Saturated Salts as a Humidity Calibration Reference

Thu, 10/11/2012 - 4:31am
Bruce McDuffee, Life Science Global Marketing Manager - Vaisala

Perhaps you have a requirement to calibrate humidity measurement instruments in the field.  By “field” I mean, outside a controlled laboratory area. For example, you may have hygrometers installed in several locations around a critical warehouse storage area or in a continuous process where removal of the instruments is not practical or it is expensive and time consuming. When you make decisions about your field calibration process, one thing that must be decided is whether you perform a single point or a multi-point calibration. Typically, if your process could see a wide range of relative humidity or temperature, a multi-point calibration is prudent. As with any decision you make around critical or regulated environment, you must be able to articulate your decision and defend your decision should you ever be challenged (by a customer or regulatory agency).

Assuming that you have chosen a multi-point calibration, your next decision is about how you will generate the multiple points of humidity reference. You could choose to purchase a relatively expensive humidity generator that relies on two pressures or two temperatures or both. These types of generators are an excellent choice with low uncertainties and high reliability. If you don’t have the budget and are comfortable with higher uncertainties and lower reliability, saturated salts is a fine alternative.

Certain types of salt will generate specific relative humidity. Lewis Greenspan published a list of salts and the relative humidity that is generated in 1977, 'Humidity fixed points of binary saturated aqueous solutions', National Bureau of Standards. See Figure 1 below for a summary table.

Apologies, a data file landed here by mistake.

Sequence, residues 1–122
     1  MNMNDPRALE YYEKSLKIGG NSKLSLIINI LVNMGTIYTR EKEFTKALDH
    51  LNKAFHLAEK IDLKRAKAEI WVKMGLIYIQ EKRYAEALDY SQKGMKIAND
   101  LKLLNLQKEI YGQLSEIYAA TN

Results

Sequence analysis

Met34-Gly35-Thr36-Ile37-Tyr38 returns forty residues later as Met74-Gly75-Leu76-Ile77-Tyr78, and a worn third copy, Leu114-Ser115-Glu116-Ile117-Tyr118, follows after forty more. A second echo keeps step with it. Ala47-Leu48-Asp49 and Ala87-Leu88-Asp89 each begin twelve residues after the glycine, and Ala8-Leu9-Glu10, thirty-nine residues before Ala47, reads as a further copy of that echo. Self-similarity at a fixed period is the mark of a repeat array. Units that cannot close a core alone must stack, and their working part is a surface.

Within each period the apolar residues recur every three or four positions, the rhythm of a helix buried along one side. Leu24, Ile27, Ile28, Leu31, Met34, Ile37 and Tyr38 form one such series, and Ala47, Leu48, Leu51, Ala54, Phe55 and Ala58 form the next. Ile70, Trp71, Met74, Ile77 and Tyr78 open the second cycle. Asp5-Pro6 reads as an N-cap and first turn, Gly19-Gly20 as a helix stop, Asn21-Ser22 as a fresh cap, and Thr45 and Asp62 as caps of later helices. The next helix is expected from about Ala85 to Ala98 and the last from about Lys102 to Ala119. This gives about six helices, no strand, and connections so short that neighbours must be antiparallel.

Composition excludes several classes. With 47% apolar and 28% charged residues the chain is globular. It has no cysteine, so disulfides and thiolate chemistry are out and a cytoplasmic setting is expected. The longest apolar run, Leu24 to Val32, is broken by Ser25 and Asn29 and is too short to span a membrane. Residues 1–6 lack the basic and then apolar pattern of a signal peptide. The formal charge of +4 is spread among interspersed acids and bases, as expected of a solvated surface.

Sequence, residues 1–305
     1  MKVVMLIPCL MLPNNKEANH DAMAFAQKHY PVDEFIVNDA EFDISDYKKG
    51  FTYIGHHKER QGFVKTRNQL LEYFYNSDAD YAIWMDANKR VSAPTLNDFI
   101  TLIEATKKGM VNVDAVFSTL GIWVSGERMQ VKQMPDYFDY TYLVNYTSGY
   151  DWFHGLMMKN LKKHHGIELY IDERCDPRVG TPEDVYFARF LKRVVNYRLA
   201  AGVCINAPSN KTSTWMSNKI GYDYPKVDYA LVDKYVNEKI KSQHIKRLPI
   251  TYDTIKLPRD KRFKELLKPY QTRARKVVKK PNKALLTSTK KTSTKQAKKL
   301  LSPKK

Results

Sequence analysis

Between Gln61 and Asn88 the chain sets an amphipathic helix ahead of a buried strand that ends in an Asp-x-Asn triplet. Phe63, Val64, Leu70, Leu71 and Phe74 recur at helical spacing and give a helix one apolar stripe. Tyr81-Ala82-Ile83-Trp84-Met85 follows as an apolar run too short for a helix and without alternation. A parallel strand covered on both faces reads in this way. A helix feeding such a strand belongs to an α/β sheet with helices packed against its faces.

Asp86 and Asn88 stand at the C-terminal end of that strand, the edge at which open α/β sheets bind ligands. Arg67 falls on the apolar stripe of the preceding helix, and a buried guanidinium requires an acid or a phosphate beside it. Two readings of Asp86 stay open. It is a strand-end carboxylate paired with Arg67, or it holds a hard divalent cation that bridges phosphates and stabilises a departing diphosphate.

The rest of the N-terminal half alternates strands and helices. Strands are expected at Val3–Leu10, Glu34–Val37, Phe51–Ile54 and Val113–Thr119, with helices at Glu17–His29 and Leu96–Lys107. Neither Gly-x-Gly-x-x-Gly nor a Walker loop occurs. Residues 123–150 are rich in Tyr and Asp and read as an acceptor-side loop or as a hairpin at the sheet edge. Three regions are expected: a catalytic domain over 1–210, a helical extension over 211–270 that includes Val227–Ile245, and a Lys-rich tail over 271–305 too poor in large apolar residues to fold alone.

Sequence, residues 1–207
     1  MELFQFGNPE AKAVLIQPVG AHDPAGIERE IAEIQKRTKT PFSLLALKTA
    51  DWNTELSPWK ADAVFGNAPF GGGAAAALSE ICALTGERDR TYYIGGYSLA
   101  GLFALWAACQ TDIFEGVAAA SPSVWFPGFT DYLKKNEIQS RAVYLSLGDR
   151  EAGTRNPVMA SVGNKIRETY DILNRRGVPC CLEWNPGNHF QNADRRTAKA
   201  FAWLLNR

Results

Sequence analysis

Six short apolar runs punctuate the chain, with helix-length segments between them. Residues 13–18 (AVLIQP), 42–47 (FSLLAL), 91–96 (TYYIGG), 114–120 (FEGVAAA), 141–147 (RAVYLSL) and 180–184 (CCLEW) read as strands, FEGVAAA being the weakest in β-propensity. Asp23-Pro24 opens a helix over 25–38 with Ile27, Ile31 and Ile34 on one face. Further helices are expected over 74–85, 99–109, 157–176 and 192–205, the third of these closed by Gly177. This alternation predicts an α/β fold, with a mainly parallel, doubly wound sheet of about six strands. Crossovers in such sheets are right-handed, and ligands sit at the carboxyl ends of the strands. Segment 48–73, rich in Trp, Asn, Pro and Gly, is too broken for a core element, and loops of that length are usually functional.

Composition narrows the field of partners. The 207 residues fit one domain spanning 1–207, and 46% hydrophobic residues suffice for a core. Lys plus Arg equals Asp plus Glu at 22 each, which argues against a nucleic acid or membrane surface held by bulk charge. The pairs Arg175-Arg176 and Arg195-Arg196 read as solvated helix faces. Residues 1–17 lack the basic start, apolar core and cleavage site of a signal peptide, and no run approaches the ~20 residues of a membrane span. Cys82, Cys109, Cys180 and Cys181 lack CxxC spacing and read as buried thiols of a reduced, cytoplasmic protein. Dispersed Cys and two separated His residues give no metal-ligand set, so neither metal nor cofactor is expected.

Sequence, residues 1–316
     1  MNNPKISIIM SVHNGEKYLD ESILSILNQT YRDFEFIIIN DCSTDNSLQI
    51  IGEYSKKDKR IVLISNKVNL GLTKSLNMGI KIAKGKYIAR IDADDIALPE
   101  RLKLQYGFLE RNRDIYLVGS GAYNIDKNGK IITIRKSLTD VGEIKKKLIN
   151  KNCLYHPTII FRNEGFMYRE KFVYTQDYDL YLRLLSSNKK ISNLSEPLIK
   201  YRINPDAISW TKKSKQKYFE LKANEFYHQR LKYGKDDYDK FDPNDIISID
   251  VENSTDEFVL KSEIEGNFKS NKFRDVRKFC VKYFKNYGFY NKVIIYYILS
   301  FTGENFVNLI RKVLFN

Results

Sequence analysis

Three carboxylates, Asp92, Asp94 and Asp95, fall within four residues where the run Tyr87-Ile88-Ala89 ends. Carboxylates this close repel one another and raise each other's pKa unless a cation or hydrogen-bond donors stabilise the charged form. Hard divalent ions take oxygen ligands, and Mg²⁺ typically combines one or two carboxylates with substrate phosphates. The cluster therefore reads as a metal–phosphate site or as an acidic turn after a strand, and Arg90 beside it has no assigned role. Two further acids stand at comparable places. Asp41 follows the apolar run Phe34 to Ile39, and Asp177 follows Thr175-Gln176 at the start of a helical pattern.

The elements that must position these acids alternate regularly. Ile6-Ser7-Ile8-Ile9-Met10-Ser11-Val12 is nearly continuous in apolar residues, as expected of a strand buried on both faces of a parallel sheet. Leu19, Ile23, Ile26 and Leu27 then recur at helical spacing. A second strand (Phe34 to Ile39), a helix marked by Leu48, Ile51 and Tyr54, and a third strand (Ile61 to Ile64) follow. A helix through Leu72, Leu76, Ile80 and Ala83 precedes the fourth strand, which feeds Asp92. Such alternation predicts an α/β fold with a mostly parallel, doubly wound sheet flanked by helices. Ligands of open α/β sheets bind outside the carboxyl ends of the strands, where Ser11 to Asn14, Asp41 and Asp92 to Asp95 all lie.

I’ve been teaching humidity measurement seminars for six years and typically, there is a lot of interest in using saturated salts as a reference. Someone invariably will ask about traceability. Is it possible to claim traceability based on the physical principle of the salt? Yes, you could defend this position as long as you document the process for maintaining and using the saturated salts in accordance with an accepted standard such as ASTM E104-02 (2007). However, I typically recommend using a reference hygrometer to achieve traceability to a national standard whereby the saturated salt is simply the medium to generate the calibration environment. Saturated salts require a lot of maintenance and patience to use properly, but they are an inexpensive and efficient means of creating multiple points of relative humidity.


Bruce McDuffee is the global marketing manager for the Life Science Division of Vaisala, which helps life science companies reduce risk of lost or poor quality products and reduce risk of regulatory problems by providing highly reliable and proven measurement, monitoring, and validation solutions. McDuffee holds a MBA specializing in international management and marketing, bachelor of science in civil engineering and served as a Surface Warfare Officer in the U.S. Navy for several years before entering the test and measurement instrumentation industry. McDuffee teaches humidity seminars throughout the United States and webinars offered around the world.



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